Sponsored by the U's Health Careers Center, the fair will be held on September 28th, from 3:30-6:30 p.m in Coffman's Great Hall.

Visit the Health Careers Center's website for more info.

Career fair for students with disabilities

Students with disabilities can meet with recruiters from local and national companies on Wednesday, October 4th at the City Center Mariott.

Attendees will:
*Learn about career opportunities, internships and work experiences
*Hear from nationally recognized disability leaders and authors
*Find resources and information that can them to career success

Register online by September 27th here.

September 8, 2006

Learning Abroad fair for students

Is your student interested in studying, working, interning, or volunteering abroad?

Encourage him or her to attend the Learning Abroard fair on Wednesday, September 20, 2006, outside on the west end of the Washington Ave. Bridge.

That's it--short and sweet.

Encourage your student to register to vote

I know that fall is underway when political campaign materials, and even the candidates themselves, are suddenly visible around campus. As the state primary (September 12) and the general election (November 7) approach, these sightings will become more and more common.

Some college students will be eligible to vote for the first time this fall, and University volunteers will be staffing voter registration booths around campus to help them take this first important step towards excercising one of their most fundamental rights as citizens. To avoid long lines and the need to bring proof of residency to the polls, students are encouraged to register before October 17th. Preregistration also means that students will be able to vouch for friends and neighbors who live in their voting precinct.

Students who have voted in the past should re-register to vote if they have changed names or moved since last voting.

Students will be able to vote on campus, but they also can vote by absentee ballots in their home districts. In that case, they must plan ahead and apply for absentee ballots in person or by mail before the election.

For more information on voting in Minnesota, visit the Secretary of State's website. Here's Wisconsin's Secretary of State's website.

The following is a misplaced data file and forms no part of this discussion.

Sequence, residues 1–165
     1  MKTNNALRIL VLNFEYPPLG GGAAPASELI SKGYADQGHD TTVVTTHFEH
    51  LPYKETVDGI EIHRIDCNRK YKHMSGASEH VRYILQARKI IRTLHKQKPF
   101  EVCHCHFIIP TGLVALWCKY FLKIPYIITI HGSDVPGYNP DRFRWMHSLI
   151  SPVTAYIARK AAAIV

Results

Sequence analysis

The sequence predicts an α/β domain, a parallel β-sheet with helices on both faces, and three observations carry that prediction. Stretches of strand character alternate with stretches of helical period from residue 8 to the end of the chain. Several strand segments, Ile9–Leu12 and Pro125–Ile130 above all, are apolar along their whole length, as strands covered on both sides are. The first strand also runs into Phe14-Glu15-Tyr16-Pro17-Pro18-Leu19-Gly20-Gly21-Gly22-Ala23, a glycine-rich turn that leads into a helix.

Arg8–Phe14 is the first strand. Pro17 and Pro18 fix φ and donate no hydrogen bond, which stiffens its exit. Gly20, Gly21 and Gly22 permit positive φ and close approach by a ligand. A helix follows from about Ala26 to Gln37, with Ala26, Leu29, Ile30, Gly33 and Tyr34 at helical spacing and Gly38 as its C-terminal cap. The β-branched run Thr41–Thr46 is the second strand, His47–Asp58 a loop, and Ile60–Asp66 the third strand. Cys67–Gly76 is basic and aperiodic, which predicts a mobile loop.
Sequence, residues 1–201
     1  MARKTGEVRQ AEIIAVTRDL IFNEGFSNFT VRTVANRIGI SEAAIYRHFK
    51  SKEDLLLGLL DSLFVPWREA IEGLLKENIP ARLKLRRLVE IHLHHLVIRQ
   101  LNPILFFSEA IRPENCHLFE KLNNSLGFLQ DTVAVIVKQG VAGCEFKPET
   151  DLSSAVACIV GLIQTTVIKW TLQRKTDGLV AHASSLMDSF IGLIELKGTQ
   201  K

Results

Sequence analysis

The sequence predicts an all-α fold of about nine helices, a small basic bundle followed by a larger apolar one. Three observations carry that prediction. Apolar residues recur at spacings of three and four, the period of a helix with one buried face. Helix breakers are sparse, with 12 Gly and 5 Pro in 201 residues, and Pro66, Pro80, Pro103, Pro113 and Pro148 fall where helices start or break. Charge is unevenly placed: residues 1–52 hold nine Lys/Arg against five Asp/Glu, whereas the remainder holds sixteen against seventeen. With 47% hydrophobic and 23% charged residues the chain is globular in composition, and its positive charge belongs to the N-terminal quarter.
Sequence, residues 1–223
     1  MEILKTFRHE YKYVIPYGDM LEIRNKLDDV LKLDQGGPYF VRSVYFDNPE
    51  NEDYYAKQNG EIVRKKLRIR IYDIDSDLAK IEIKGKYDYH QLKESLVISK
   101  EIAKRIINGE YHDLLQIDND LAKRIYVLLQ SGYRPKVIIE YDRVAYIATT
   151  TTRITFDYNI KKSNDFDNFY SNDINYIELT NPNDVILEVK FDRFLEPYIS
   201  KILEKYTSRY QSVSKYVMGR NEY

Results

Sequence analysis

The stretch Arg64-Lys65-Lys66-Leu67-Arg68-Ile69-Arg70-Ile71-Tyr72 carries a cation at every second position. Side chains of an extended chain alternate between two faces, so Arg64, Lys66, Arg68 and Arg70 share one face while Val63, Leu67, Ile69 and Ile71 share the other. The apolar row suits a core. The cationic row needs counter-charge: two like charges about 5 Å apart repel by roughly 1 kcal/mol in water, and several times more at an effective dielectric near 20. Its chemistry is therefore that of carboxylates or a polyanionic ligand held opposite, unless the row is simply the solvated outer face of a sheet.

September 7, 2006

Writing assistance available on campus, and online

The University offers writing instruction and support for undergraduate students at all stages of the writing process through its Center for Writing in Nicholson Hall. Check the Center's website for hours and information on its satellite offices in University libraries and residence halls.

After hours, students looking for help will also find valuable resources and tips on the Center's website.

National study gives the State of Minnesota a "D" for college affordability

Today's Minneapolis Star Tribune reports:

Public college costs are taking a much bigger bite out of the average Minnesota family's annual income than in recent years, according to a nationwide report released today.

In 1992, the average Minnesota family paid about 19 percent of its income to attend a public four-year college or university. Now, the average family pays about 26 percent of its income, says the highly regarded National Center for Public Policy and Higher Education.

How do we compare to other states?

The report gave Minnesota a "D" for college affordability. But that was pretty good, relatively speaking: 43 states got "F's" in college affordability. The highest grade was a "C-," awarded to Utah and California.

Nationwide, costs at four-year public colleges and universities rose from 19 percent in 1992 to 31 percent this year.

Students can complement their major with a leadership minor

Whether your undergraduate student is enrolled in the School of Nursing, CLA, IT, or any of the University's other colleges, he or she will probably find opportunities to act as a leader, either while here at the University or in their future career.

Many students are unaware that they can prepare for these opportunities by enrolling in the Department of Educational Policy and Administration's undergraduate minor in Leadership.

In addition to offering core courses introducing leadership theory, analyzing the characteristics of leaders, examining leadership in the context of social change and citizenship, and offering students a range of opportunities to learn and practice their knowledge, the minor offers students small interactive classes, individual attention from their instructors, and the opportunity to get to know classmates from a wide variety of academic majors and programs.